Romans 8:14-16, 28, 31, 35, 31-39
When John Wesley (the founder of the Methodist Church) lay on his death bed, his last words that he spoke were:
"Best of all — God is with us!"
Bob knew that nothing could separate him from God.
Nothing can separate you either!
Sunday, January 07, 2007
The first question may be the more difficult one to answer. If you do a web search on "Jesus self understanding" you will find many who will be happy to say that the Bible tells you exactly who Jesus is — the one and only "son of God," by which they mean — God.
The only problem with that answer is — can one use the Bible to "prove" who Jesus is? That depends on your understanding of scripture. Where does Scripture come from God, or people? If your understanding of scripture is that it is the infallible Word of God, then of course you can use it to prove whatever you want (but you are going to have to do a great deal of explaining why God is so hateful and hurtful). But most people who believe the Bible is the "Absolute Truth" have never read it carefully or critically, especially in the original languages. If you don’t believe the Bible is the infallible Word of God then what is it? (That will be next weeks blog, along with my sermon on Sunday!)
So, who did Jesus believe that he was?
- Was he the Messiah?
- Was he the Son of God?
- Or maybe Son of Man?
Both of those are designations used in the Bible for Jesus. And I would suggest that yes, Jesus is both. But what do those words mean? Again, if you have read your Bible you know that Jesus is not the only Messiah, nor is he the only one referred to as Son of God, or Son of Man. Yikes, that makes it difficult.
But that still don’t really answer if he thought he was Messiah or not.
I think he did, especially with the Jewish understanding of Messiah, as one in a special relationship with God, chosen for a special task. Jesus clearly was that, and I think he understood it. I am not sure that he always understood what the consequences of that were, but he was willing to go along and trust in God.
WHO DO YOU SAY JESUS IS? That is really the important question, and the one that impacts our daily lives.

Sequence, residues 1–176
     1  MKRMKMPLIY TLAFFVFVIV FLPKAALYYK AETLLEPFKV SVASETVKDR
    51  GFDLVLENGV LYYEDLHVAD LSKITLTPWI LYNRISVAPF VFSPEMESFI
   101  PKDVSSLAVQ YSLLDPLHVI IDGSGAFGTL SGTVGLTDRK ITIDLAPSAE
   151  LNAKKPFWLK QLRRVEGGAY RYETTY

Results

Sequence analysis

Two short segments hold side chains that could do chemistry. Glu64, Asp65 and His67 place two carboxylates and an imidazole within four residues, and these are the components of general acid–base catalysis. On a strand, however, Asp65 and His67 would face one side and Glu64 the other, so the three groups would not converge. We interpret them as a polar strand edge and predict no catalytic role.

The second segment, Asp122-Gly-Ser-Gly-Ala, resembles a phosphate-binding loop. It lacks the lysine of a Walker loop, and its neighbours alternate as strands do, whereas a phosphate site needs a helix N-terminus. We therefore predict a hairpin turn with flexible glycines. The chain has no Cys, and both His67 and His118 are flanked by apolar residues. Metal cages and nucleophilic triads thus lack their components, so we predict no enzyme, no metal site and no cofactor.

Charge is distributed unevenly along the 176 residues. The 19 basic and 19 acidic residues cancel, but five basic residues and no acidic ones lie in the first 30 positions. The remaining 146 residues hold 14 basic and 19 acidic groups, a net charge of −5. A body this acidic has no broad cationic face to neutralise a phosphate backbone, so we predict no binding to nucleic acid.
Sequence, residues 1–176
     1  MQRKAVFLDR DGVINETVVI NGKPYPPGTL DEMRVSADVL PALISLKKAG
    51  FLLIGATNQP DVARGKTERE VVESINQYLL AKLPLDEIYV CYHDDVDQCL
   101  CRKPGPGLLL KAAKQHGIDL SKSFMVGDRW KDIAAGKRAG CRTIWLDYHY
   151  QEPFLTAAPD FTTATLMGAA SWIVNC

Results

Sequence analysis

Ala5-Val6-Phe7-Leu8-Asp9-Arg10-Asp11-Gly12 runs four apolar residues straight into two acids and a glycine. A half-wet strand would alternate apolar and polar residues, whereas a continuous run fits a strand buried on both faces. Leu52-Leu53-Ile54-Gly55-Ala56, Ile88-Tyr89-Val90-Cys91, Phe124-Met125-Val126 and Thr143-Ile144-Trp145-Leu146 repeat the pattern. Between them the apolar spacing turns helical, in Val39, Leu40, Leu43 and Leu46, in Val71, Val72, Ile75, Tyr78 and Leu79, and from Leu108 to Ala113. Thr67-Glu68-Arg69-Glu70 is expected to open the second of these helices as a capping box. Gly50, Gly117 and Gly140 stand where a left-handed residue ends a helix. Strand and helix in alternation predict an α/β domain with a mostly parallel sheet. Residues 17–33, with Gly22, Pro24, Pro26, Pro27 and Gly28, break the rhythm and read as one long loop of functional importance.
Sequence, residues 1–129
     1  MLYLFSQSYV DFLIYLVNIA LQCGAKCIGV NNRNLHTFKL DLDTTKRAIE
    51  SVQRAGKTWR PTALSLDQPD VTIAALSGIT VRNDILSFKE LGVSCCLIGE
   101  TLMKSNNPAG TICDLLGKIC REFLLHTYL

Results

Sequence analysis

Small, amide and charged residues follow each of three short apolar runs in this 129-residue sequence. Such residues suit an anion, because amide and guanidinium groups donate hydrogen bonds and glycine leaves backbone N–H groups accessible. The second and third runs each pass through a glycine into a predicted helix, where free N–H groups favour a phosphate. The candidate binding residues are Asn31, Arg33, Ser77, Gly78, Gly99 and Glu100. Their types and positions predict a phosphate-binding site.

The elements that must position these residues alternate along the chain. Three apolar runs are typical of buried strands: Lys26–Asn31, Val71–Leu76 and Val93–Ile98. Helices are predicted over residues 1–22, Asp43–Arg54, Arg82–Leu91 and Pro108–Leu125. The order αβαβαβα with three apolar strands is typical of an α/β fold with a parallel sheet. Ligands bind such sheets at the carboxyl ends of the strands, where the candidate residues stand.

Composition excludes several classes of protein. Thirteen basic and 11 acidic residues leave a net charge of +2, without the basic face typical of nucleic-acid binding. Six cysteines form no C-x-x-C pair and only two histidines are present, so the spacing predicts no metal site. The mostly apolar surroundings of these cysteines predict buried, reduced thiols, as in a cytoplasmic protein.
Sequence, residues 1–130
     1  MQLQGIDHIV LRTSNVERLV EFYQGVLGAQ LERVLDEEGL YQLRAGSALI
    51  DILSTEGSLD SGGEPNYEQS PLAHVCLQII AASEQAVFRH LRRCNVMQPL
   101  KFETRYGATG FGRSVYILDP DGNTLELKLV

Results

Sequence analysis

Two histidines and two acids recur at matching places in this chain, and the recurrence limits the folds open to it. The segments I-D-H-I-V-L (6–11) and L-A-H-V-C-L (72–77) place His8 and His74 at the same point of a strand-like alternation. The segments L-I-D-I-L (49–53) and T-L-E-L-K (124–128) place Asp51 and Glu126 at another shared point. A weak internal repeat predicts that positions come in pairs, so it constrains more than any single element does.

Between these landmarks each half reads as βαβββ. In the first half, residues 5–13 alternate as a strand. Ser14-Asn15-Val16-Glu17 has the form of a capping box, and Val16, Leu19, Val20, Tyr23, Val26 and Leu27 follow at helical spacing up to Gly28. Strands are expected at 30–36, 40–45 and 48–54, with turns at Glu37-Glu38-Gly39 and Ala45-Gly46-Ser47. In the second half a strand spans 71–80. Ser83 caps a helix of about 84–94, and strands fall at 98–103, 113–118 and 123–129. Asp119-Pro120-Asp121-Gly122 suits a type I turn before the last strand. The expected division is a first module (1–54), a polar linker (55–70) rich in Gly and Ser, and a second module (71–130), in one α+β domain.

- Is he the lifeguard who saves us from this world?
- Is he the one who must return (will return) to signify the end of the world?
- Is he the one chosen by God, to show us how we are to live in relationship to God and with one another, here and now?
I am going to leave that question up to you.
Monday, January 01, 2007
Today is the first day of 2007.
I have spent the better part of today cleaning my workroom in my basement. Something that I would rather put off for another year.
It has been months since I last sat down to write on my blog, but it is my intention to get back to updating my website and blog every Thursday. The key is just taking the time to do it.
Jeff and I keep talking about changing how we do the web (the church website) as well as my personal site. We are looking at DREAMWEAVER software. Right now we just use the stuff that Yahoo provides, but it is very limited in what it can do. The problem is having to re-create all the stuff that is there right now. DREAMWEAVER does not seem to accept Sitebuilder files to be imported, if it did, it would be a no brainer.
If anybody has had experience with DREAMWEAVER, let me know.
I had planned to return to Israel at the end of February with the Masonic Order, but that trip has been canceled. Too bad, because Mark and I were going together and we would have had a great trip. Maybe next year. The one thing that it does do, is cause me to plan a trip to Israel this fall. Information about the trip will be on my website shortly (www.smconger.com). Hope you can join me for a great adventure.